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Title: MoSi 2 Oxidation in 670-1498 K Water Vapor

Abstract

Molybdenum disilicide (MoSi 2) has well documented oxidation resistance at high temperature (T > 1273 K) in dry O 2 containing atmospheres due to the formation of a passive SiO 2 surface layer. But, its behavior under atmospheres where water vapor is the dominant species has received far less attention. Oxidation testing of MoSi 2 was performed at temperatures ranging from 670–1498 K in both 75% water vapor and synthetic air (Ar-O2, 80%–20%) containing atmospheres. Here the thermogravimetric and microscopy data describing these phenomena are presented. Over the temperature range investigated, MoSi 2 displays more mass gain in water vapor than in air. The oxidation kinetics observed in water vapor differ from that of the air samples. Two volatile oxides, MoO 2(OH) 2 and Si(OH) 4, are thought to be the species responsible for the varied kinetics, at 670–877 K and at 1498 K, respectively. Finally, we observed an increase in oxidation (140–300 mg/cm 2) from 980–1084 K in water vapor, where passivation is observed in air.

Authors:
 [1];  [2];  [1];  [1];
  1. Materials Science and Technology Division, Los Alamos National Laboratory, Los Alamos New Mexico
  2. Materials Science and Technology Division, Los Alamos National Laboratory, Los Alamos New Mexico; Department of Nuclear Engineering, University of California, Berkeley, Berkeley California
Publication Date:
Research Org.:
Los Alamos National Lab. (LANL), Los Alamos, NM (United States); Nuclear Science and Security Consortium; The Regents of the Univ. of California, Berkeley, CA (United States)
Sponsoring Org.:
USDOE Office of Nuclear Energy (NE); USDOE National Nuclear Security Administration (NNSA), Office of Defense Nuclear Nonproliferation (NA-20)
OSTI Identifier:
1259968
Alternate Identifier(s):
OSTI ID: 1407976
Report Number(s):
LA-UR-15-26638
Journal ID: ISSN 0002-7820
Grant/Contract Number:  
AC52-06NA25396; NA0003180
Resource Type:
Accepted Manuscript
Journal Name:
Journal of the American Ceramic Society
Additional Journal Information:
Journal Volume: 99; Journal Issue: 4; Journal ID: ISSN 0002-7820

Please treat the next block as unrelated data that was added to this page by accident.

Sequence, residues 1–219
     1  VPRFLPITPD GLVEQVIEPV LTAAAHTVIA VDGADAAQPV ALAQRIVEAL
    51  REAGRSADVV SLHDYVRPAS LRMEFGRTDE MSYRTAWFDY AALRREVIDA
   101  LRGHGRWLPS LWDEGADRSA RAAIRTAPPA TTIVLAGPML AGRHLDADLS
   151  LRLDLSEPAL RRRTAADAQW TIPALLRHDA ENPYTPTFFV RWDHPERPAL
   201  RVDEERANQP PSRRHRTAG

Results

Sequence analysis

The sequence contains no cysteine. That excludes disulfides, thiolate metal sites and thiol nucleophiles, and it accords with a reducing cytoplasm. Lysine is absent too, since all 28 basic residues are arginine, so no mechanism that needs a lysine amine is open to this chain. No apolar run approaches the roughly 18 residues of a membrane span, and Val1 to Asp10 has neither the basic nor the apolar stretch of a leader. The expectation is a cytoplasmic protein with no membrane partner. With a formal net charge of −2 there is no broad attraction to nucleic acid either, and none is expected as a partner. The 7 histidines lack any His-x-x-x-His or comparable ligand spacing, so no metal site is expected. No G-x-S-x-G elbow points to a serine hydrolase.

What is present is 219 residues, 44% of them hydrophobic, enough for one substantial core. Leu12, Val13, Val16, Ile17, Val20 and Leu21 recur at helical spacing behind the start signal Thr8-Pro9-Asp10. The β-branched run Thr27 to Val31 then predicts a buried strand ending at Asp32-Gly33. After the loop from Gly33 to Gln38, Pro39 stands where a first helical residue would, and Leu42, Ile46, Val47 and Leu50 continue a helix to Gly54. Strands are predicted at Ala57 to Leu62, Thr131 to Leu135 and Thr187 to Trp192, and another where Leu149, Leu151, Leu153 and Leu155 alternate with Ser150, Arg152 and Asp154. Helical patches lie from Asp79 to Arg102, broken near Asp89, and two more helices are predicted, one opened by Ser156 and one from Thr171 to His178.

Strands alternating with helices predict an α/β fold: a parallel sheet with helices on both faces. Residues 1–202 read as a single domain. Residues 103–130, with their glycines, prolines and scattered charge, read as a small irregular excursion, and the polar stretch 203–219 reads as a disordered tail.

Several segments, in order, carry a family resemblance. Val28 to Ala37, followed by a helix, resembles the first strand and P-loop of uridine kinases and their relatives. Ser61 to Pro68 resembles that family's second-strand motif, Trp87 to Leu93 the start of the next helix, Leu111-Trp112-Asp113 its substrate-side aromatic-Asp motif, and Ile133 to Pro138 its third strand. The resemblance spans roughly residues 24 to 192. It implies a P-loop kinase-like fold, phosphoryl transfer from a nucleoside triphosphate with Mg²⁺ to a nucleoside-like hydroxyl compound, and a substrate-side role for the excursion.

Publisher:
American Ceramic Society
Country of Publication:
United States
Language:
English
Subject:
36 MATERIALS SCIENCE; 11 NUCLEAR FUEL CYCLE AND FUEL MATERIALS; MoSi₂; Nuclear Fuel Cladding; Steam Oxidation

Citation Formats

Sooby Wood, Elizabeth, Parker, Stephen S., Nelson, Andrew T., Maloy, Stuart A., and Butt, D. MoSi 2 Oxidation in 670-1498 K Water Vapor. United States: N. p., 2016. Web. doi:10.1111/jace.14120.
Sooby Wood, Elizabeth, Parker, Stephen S., Nelson, Andrew T., Maloy, Stuart A., & Butt, D. MoSi 2 Oxidation in 670-1498 K Water Vapor. United States. doi:10.1111/jace.14120.
Sooby Wood, Elizabeth, Parker, Stephen S., Nelson, Andrew T., Maloy, Stuart A., and Butt, D. Tue . "MoSi 2 Oxidation in 670-1498 K Water Vapor". United States. doi:10.1111/jace.14120. https://www.osti.gov/servlets/purl/1259968.
@article{osti_1259968,
title = {MoSi 2 Oxidation in 670-1498 K Water Vapor},
author = {Sooby Wood, Elizabeth and Parker, Stephen S. and Nelson, Andrew T. and Maloy, Stuart A. and Butt, D.},
abstractNote = {Molybdenum disilicide (MoSi2) has well documented oxidation resistance at high temperature (T > 1273 K) in dry O2 containing atmospheres due to the formation of a passive SiO2 surface layer. But, its behavior under atmospheres where water vapor is the dominant species has received far less attention. Oxidation testing of MoSi2 was performed at temperatures ranging from 670–1498 K in both 75% water vapor and synthetic air (Ar-O2, 80%–20%) containing atmospheres. Here the thermogravimetric and microscopy data describing these phenomena are presented. Over the temperature range investigated, MoSi2 displays more mass gain in water vapor than in air. The oxidation kinetics observed in water vapor differ from that of the air samples. Two volatile oxides, MoO2(OH)2 and Si(OH)4, are thought to be the species responsible for the varied kinetics, at 670–877 K and at 1498 K, respectively. Finally, we observed an increase in oxidation (140–300 mg/cm2) from 980–1084 K in water vapor, where passivation is observed in air.},
doi = {10.1111/jace.14120},
journal = {Journal of the American Ceramic Society},
number = 4,
volume = 99,
place = {United States},
year = {2016},
month = {3}
}

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